Dear Decaturish – What messages are Decatur parents sending to kids about alcohol?
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Substance is abuse is a concern for the Decatur community.
Recently, to conclude National Recovery Month, a showing of the film “The Anonymous People” was offered to the local community. The showing included panel of those in recovery sharing their stories. We had over 60 people in attendance.
The dangers of substance abuse among teenagers are an ongoing conversation in our community. But have we stopped to consider how our attitudes toward alcohol are influencing their behavior? Have we as adults considered our own risky behavior?
Over the years these words have left my lips more times that I can count.
“I so need a glass of wine. It’s been one of those days.”
The reality is 99.5 percent of the time I didn’t go have a glass of wine. It became a figure of speech and I know I’m not the only one who has said these words. Over the last couple of years, I have made a concerted effort to not use this phrase. Why? The message it sends to our youth: when a day has been tough, go to the bottle to soothe your troubles.
Do we want our youth to hear this message? Is this the impression we want them to take into their world when times may be rough?
Instead, what about?
– “I need to go for a run.”
– “I need to spend time with people who care about me.”
– “I need to take some deep breaths.”
Insert anything after “I need” that would be helpful and healthy to model for our kids.
Then there are the t-shirts, plaques, notepads, memes, etc joking about alcohol. One of my favorites is printed on a glass. “Wine is like duct tape, it fixes everything.” We have all seen products like this. Here in Decatur I have seen a t-shirt, “Decatur: A drinking town with a festival problem”.
I know this t-shirt can be read from a couple different perspectives. So, go back and read it again. Think about it. If you agree with the intended message of the shirt, do you just read and chuckle? Or do you choose to address it? If I were to make a t-shirt, it would say, “Decatur: Where a festival can’t exist without alcohol.”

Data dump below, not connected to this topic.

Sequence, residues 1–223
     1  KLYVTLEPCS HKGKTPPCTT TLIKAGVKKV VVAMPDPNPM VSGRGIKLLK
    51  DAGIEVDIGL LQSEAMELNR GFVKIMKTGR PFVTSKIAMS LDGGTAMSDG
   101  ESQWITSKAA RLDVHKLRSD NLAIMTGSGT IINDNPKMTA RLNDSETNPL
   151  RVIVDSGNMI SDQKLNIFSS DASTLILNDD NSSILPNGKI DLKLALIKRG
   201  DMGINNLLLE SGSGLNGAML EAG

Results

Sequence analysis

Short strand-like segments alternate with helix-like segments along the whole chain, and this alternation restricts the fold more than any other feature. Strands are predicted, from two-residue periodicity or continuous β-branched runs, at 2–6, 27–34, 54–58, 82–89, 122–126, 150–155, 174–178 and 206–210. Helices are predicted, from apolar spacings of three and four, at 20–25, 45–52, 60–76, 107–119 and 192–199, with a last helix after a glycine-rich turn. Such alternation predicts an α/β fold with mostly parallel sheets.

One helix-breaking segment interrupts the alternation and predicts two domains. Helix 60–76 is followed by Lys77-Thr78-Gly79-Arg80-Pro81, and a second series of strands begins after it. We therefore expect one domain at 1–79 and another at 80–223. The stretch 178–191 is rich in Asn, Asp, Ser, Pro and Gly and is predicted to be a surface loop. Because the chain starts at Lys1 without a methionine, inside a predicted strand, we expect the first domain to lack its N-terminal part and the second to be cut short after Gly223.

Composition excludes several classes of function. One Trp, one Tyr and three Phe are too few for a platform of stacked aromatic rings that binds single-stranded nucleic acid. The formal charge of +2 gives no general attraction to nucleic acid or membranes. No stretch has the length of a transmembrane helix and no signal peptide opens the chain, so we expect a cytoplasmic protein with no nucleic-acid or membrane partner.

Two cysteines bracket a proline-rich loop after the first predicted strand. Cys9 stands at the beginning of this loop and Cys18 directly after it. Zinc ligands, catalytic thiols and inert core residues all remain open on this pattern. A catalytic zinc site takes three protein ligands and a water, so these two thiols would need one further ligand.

You know who notices the drinking and alcohol at all these events? Our kids. I say this confidently, because I work with a large population of kids in our community.
Recently, while driving in town, I was excited to see the painting of a mural, but then only to find out it’s a mural of Bacardi bottles. I have questioned the city, asking who has the right to make decisions about mural content. I’m guessing property owners, but I’m also guessing the city has some guidelines as well. I’m awaiting a response. If the city does have a say, I ask, “Is this how we want to use our limited space in town for sharing visual art with the community and those who visit?”
Why do I care? It has become the culture for youth in our town to take pictures in front of murals and post them to social media. I know as soon as the mural is completed, I will begin to see these images.
Halloween is a big event in Decatur. People flock to my neighborhood to walk up and down Avery Street. When I moved here a few years ago I was over the moon to see the community spirit. Eventually, I noticed a few things. I saw some adults with their kids walking down the street pulling a keg in a wagon offering drinks to passersby. I saw houses offering drinks to adults coming to their door or porch while at the same time offering candy to kids.
I will close by saying I’m not a teetotaler. I am also not trying to get in the way of local establishments serving alcohol. My goal isn’t to shut down The Beer Fest or Wine Fest. My hope in writing this is to give us pause to the words we use, the messages we send and the lack of support for those battling with addiction.
– Marnie Grodzin
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